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Is Texas facing a humanitarian crisis?


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9 hours ago, Steve said:

Downtown office buildings and parking structures are lit up throughout the night while other neighborhoods are dark.

 

I admit that I last lived in Austin in 1986, so things have changed there, but ...

 

One of the pictures there mentions "Downtown lit up, while east of I-35 broad sections are dark"...

 

Back when I lived there, Austin was a pretty segregated place.  (They had just lost their last appeal to court-ordered desegregation busing when I arrived in 1978.)  To a considerable albeit declining extent, whites lived west of I-35.  Blacks lived east of I-35 and north of the river.  Hispanics lived east of I-35 and south of the river.  Downtown, of course, is west of I-35.

 

So when downtown is lit up and east of I-35 is blacked out in the winter storm, I see more going on than just patchy utility infrastructure.

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As I understand it, Texas has managed to compound the problem in a number of ways:

  • A power network intentionally disconnected from the national grid purely to avoid federal regulations, is not unable to receive power from elsewhere in the country.
  • Nuclear plants whose water pumps have frozen.
  • Coal plants whose coal has frozen.
  • Natural gas plants whose pipelines are buried just under the surface, where they are prone to freezing.
  • Housing that understandably rarely has heating, and if it does have heating that heating is electrical.
  • A pricing system so broken that prices of nine dollars per kWh is being passed on to customers fortunate enough to have power.
  • Cheaply built tract homes in a deregulated state that have things like uninsulated plumbing running through exterior walls, and attics.

 

Between the cold and the water shortages, I'm starting to wonder if the death toll isn't going to rise sharply.  At minimum, tens of thousands of homes are going to be effectively destroyed by water and plumbing damage.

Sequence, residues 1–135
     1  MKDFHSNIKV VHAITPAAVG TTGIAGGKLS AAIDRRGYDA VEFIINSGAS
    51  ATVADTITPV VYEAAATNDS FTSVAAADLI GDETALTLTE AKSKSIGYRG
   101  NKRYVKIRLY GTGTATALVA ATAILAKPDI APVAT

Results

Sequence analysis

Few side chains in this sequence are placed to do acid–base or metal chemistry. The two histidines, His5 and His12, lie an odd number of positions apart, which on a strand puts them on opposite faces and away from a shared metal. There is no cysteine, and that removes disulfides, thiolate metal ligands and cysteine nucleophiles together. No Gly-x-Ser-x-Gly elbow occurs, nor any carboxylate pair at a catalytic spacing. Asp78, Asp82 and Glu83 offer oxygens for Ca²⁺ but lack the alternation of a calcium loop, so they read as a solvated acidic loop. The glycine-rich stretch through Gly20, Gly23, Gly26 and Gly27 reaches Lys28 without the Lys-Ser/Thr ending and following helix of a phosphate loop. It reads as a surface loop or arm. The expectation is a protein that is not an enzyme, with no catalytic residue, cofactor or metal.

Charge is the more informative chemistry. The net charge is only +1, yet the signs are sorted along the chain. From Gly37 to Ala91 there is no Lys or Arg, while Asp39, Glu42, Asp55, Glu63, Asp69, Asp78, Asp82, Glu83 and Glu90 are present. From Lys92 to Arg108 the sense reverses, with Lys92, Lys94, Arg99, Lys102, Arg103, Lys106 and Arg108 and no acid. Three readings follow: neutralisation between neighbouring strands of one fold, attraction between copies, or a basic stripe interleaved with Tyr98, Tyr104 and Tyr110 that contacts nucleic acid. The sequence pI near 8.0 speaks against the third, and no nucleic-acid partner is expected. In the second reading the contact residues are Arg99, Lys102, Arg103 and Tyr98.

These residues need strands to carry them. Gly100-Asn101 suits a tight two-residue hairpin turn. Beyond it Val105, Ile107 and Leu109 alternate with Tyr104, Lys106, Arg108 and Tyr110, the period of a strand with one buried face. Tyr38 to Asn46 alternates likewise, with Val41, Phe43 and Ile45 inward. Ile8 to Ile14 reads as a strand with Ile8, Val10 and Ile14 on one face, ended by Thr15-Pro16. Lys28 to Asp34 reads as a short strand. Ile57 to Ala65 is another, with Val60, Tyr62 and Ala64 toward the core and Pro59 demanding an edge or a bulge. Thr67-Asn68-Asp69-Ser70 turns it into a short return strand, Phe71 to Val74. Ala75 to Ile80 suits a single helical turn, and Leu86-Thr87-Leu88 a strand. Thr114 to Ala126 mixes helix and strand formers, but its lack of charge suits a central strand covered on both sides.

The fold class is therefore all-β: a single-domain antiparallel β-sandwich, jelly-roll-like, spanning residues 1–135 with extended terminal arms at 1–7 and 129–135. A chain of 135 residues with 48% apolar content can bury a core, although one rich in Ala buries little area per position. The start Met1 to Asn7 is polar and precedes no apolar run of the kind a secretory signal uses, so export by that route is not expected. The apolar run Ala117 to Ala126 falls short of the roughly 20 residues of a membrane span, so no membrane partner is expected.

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1 hour ago, assault said:

But it's all the result of using renewables!

 

This is the line we're getting from politicians desperate to avoid the blame for not having winterized their power system. I know it's Texas, but this isn't the first time they've had a run of cold weather in the winter. And climatologists have warned them that extreme weather events like this are going to become more frequent due to global warming. Other states with average colder winters and more use of renewables are coping just fine, because they spent to prepare their grids to handle it. The great majority of Texas' energy is generated by oil, coal, natural gas and nuclear, and that's what's freezing. That's also a segment of the economy that has enormous political clout in Texas, and a vested interest in denigrating renewable energy.

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9 hours ago, Old Man said:

As I understand it, Texas has managed to compound the problem in a number of ways:

  • A power network intentionally disconnected from the national grid purely to avoid federal regulations, is not unable to receive power from elsewhere in the country.
  • Nuclear plants whose water pumps have frozen.
  • Coal plants whose coal has frozen.
  • Natural gas plants whose pipelines are buried just under the surface, where they are prone to freezing.
  • Housing that understandably rarely has heating, and if it does have heating that heating is electrical.
  • A pricing system so broken that prices of nine dollars per kWh is being passed on to customers fortunate enough to have power.
  • Cheaply built tract homes in a deregulated state that have things like uninsulated plumbing running through exterior walls, and attics.

 

Between the cold and the water shortages, I'm starting to wonder if the death toll isn't going to rise sharply.  At minimum, tens of thousands of homes are going to be effectively destroyed by water and plumbing damage.

 

Also, landlord-tenant law which is barely removed from medieval/slaveholder.  The actual obligations of landlords are minimal there.  The place we lived had its on-the-premises (that is: on the apartment side of the meter) gas lines fail, largely due to pipe rusting.  Though gas is mentioned in the lease, getting the ownership to fix it took a while, and I have the impression that the only reason they did fix it was that they weren't getting new tenants because existing ones were telling people as they were coming into the complex office that there was no gas (so there was no heat, no hot water, and no cooking).